Some of my friends sit around every evening
And they worry about the times ahead
But everybody else is overwhelmed by indifference
And the promise of an early bed
You either shut up or get cut up, they don’t wanna hear about it
It’s only inches on the reel-to-reel
And the radio is in the hands of such a lot of fools
Tryin’ to anaesthetise the way that you feel
Elvis Costello, Radio Radio.
This blog is called Paperback Rioter because it’s a cute pun, but there’s a semi-serious point behind that pun. I don’t do rioting: this blog really is a chronicle of “fear and loathing on the campaign trail”. I write, debate, attend meetings, will be campaigning for AV, go on the occasional march. But I don’t kick in windows or throw fire extinguishers off buildings. That’s not my style.
The reasons why are rather obvious. The right to protest does not equal the right to violence.
Also, violence does not help the cause of the protesters. The usual caveats about opinion polls apply obviously, but of those sampled for Yougov (see p5), 69% say that the violence damaged the protester’s cause, as opposed to only 11% who thought it helped the cause. Three quarters of those surveyed say that violent protest is never acceptable in a democracy. This comes from a survey where 65% sympathised with the demonstration and the majority of whom (52% to 35%) disagree with the government’s policy on tuition fees.
Those minimising or condoning the violence (of which there are quite a few) like to draw attention to the fact that the protests only got so much publicity because of the violence.
This implies that all publicity is good publicity, which is obviously not true. I’ve highlighted in the last paragraph that it probably damaged the cause amongst the general public. This Daily Mail front page about the activities of Labour MPs probably gave a lot of publicity to the Labour Party, but you’d be hard-pushed to say that all this publicity was beneficial:
Having said all that, this violence is understandable. It also isn’t just coming from the usual “rent-a-mobs”. As Laurie Penny observed in her brilliant, must-read Gonzo-style piece on the Millbank violence. This is just one example of many from her piece:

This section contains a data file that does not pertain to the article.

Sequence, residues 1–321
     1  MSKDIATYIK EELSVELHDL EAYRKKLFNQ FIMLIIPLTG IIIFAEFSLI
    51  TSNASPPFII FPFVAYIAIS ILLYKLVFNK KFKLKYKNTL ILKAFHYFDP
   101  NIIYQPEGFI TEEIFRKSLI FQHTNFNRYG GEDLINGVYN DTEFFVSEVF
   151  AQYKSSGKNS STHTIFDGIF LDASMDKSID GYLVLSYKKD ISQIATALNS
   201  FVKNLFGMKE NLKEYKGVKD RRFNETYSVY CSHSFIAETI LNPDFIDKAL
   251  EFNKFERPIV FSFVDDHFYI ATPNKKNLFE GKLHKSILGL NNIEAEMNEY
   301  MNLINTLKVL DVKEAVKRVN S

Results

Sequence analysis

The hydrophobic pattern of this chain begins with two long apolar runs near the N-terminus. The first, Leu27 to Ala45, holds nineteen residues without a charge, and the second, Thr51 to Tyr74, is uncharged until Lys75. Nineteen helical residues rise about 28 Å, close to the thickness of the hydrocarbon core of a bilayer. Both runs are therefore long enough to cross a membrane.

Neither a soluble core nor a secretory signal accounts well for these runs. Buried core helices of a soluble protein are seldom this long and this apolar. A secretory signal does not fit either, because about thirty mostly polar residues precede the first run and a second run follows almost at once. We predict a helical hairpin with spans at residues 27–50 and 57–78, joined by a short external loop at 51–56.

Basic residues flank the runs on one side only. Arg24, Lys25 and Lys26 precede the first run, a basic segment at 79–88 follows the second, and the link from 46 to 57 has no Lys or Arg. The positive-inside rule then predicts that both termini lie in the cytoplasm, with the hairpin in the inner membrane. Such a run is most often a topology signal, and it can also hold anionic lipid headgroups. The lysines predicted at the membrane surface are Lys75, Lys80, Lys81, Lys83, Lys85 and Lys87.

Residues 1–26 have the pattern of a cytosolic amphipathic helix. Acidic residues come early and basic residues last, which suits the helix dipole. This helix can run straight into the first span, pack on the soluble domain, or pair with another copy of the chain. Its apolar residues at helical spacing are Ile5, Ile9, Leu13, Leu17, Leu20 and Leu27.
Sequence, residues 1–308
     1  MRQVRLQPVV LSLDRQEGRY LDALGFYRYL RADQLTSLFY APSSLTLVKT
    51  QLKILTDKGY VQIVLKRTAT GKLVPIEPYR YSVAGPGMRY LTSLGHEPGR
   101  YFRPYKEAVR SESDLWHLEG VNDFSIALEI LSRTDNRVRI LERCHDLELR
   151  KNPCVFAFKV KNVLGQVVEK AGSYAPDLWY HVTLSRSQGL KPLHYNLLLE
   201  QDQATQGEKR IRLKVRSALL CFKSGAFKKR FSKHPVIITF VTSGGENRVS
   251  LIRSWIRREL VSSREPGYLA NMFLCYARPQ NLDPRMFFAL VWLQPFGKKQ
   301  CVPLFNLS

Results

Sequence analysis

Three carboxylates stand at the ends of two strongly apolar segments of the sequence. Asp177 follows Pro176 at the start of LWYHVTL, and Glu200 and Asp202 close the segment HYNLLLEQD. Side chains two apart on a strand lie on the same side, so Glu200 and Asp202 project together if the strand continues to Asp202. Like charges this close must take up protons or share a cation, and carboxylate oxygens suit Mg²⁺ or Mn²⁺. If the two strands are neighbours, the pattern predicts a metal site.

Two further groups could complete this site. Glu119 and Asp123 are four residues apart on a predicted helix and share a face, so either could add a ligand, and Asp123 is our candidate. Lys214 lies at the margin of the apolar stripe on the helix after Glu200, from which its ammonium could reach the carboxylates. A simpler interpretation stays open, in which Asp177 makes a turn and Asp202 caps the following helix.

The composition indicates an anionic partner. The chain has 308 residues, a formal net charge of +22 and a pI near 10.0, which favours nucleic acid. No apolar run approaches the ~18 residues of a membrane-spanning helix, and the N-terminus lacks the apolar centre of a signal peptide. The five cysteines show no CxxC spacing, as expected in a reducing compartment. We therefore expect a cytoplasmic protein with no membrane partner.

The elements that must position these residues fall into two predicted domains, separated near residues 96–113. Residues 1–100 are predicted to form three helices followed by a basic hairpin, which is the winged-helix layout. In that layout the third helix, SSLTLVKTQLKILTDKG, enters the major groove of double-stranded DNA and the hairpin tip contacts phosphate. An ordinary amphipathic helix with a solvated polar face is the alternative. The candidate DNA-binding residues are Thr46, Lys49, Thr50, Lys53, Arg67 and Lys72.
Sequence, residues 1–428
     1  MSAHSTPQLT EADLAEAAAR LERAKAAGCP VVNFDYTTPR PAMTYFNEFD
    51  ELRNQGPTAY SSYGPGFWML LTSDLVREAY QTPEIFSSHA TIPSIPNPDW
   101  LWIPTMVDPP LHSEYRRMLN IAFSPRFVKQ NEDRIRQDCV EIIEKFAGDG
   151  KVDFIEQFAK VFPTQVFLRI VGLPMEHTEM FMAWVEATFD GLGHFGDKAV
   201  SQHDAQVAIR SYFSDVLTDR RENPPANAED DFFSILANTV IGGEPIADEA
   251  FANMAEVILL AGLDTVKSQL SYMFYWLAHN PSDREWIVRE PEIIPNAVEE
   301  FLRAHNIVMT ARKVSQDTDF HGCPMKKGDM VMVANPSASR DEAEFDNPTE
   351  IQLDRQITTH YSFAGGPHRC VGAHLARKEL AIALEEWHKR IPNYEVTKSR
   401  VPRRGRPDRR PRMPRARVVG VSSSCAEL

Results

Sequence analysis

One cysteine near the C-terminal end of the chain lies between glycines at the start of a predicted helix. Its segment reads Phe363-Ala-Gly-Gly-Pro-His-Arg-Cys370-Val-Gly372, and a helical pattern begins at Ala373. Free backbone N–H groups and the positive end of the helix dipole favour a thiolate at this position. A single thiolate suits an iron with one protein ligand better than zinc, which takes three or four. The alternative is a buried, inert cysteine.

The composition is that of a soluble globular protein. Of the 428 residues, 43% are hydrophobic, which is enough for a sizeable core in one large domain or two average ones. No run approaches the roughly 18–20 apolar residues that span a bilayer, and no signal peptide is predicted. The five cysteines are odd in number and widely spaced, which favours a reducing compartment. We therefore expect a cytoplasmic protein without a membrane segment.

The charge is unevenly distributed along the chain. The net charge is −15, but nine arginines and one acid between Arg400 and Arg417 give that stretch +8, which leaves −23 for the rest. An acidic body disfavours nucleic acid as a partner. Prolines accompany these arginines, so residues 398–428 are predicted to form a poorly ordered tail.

Not all of those smashing through the foyer are in any way kitted out like your standard anarchist black-mask gang. These are kids making it up as they go along. A shy looking girl in a nice tweed coat and bobble hat ducks out of the way of some flying glass, squeaks in fright, but sets her lips determinedly and walks forward, not back, towards the line of riot cops. I see her pull up the neck of her pink polo-neck to hide her face, aping those who have improvised bandanas. She gives the glass under her feet a tentative stomp, and then a firmer one. Crunch, it goes. Crunch.
Which begs the question: why are there angry protests happening now, when in 2003 New Labour tripled university fees to £3000 a year, just two years after their manifesto said that they “will not introduce top-up fees and has legislated against them”?
Some on the right have argued that because now “teh evul Toriez” are in power, the left has reverted to its default position of opposing everything they do. This is slightly paranoid of them, but might contain a grain of truth. New Labour could certainly get away with acts like introducing tuition fees and experience far less dissent from the left than if a Tory government had introduced a similar policy.
The anger is about more than that, though. It’s about 13 years of broken promises from a Labour government. It’s that almost 7 million people voted Liberal Democrat in May, a party who had pledged to scrap fees, and are now going to triple them now in government.
To understand the anger, then, we need to go back to that greatest of moral philosophers, George W. Bush:
Fool me once, shame on you; fool me twice, shame on me
It’s not as if scenes like this weren’t foreseen. In April, Nick Clegg, leader of the Liberal Democrats (not to be confused with the Deputy Prime Minister of the same name) said there could be riots in the streets if savage cuts were implemented:
As Johann Hari has written, all that’s changed is that now Clegg is the chief cutter.
It’s hard to comprehend the scale of the Lib Dem betrayal. Clegg has used this opportunity to been able to drop a policy he tried to get rid of last year. After the party rebelled against him and voted to keep its policy of abolishing fees, every Lib Dem MP signed a pledge to abolish fees. It transpires that that the Lib Dems had no intention of keeping in a hung parliament:
[A] secret team of key Lib Dems made clear that, in the event of a hung parliament, the party would not waste political capital defending its manifesto pledge to abolish university tuition fees within six years
A democratic solution has therefore failed, so it’s no great surprise rioters are taking to the streets. We now need another democratic solution: backing the right to recall (another Lib Dem policy).
This would mean that MPs who break promises or are found guilty of impropriety would be vulnerable to a constituency petition. If ten per cent of constituents sign that petition, then that MP would face an immediate by-election.